Wed, May 01, 2013 - Page 6 News List

Attacks on dissident’s brother’s home persist

TAIWAN CONNECTION:Chen Guangfu says the attacks began on April 18, the day his brother was put on the village’s CCP blacklist because he is planning to visit Taipei

Reuters, BEIJING

Chen Guangfu, the eldest brother of Chinese activist Chen Guangcheng, on May 23, last year, in Beijing, China, shows how he had his hands tied behind a chair as he recounts the details of his torture and the authorities’ reprisals against his family after his brother escaped their village.

Photo: Reuters

Security personnel in eastern China are carrying out a nightly harassment campaign against the brother of Chinese rights activist Chen Guangcheng (陳光誠), the two said yesterday, throwing rocks, bottles and dead poultry at his house for 12 nights in a row.

The attacks on the village home of Chen Guangfu (陳光福) continued early yesterday, he said. Two cars parked outside his house in Shandong Province, shining their headlights through the windows and again security personnel threw rocks and beer bottles at the house and into the yard, he said.

“This is a country of hoodlums, not a country of law,” Chen Guangcheng said of China from New York, where he is studying law at New York University.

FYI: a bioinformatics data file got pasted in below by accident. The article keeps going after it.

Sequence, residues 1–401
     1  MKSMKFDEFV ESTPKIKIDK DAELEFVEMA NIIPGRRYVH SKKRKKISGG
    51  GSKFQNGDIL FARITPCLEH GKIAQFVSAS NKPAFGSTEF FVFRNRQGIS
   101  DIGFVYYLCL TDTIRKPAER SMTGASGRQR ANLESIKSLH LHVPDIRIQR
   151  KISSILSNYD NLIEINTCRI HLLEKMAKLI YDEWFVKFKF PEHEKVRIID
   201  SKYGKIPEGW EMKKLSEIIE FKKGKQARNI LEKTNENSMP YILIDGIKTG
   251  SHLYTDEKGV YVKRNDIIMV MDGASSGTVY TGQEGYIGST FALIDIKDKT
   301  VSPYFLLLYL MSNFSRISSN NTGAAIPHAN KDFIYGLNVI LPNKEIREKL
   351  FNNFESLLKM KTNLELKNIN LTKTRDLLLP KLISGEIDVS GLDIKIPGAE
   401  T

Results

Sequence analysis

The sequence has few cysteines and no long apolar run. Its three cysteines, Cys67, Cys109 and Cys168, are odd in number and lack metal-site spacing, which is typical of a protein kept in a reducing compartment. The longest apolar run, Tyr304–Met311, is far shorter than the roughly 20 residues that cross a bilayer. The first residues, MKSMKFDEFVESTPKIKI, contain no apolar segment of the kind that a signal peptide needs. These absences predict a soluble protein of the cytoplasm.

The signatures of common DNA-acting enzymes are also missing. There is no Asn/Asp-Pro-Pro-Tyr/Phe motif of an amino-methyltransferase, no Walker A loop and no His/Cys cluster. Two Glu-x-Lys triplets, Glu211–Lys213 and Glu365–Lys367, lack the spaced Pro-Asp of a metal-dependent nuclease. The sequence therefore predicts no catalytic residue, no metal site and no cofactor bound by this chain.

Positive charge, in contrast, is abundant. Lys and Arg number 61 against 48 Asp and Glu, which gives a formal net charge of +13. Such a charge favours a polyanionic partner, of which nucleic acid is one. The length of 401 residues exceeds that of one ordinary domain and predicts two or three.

“If you have principles, if you do what is right, why are you afraid of people?” he said. “Why do these kinds of things in the middle of the night? What kind of person does this? Only thieves and the narrow-minded, spreading unchecked. But that’s how the [Chinese] Communist Party [CCP] is now.”

Chen Guangcheng made world headlines last year when he escaped house arrest and spent 20 hours on the run alone before meeting up with supporters who helped get him to Beijing where he was given refuge at the US embassy. He was then allowed permission to go to the US to study.

Chen Guangfu, 56, said the attacks started on April 18, the same day his brother was put on a village CCP blacklist for his plans to visit Taiwan and, the party said, Tibet.

“They said he is planning to go to Taiwan to work on Taiwan independence, and to go to Tibet to support Tibet independence,” Chen Guangfu said.

Chen Guangcheng has accepted an invitation to visit Taiwan next month.

Reached in at his home in Dongshigu village, Chen Guangfu said the security personnel arrived just after 2am yesterday, around the same time they had been arriving since April 18.

“They don’t speak, they just do this,” he said. “They throw things, put up little posters, they uproot my trees, pull out the vegetables my mother has been growing — these kinds of things to try to scare us.”

Police did not answer calls made from his telephone, he said, and had refused to investigate the attacks.

He also said his son, Chen Kegui (陳克貴), has been denied medical parole, although he is suffering from appendicitis.

Chen Kegui has been subjected to beatings and mistreatment since he fought with officials who stormed his house a year ago to look for his uncle. He was sentenced to three years in prison, and on the one monthly visit he’s allowed, he told his father on Thursday last week that he was in pain and had appendicitis, according to the Washington-based prisoner advocacy group Freedom Now.

Chen Guangfu said he tried to see his son again on Monday at Linyi prison, but was rebuffed and told Kegui’s application for medical parole was denied.

Additional reporting by AP

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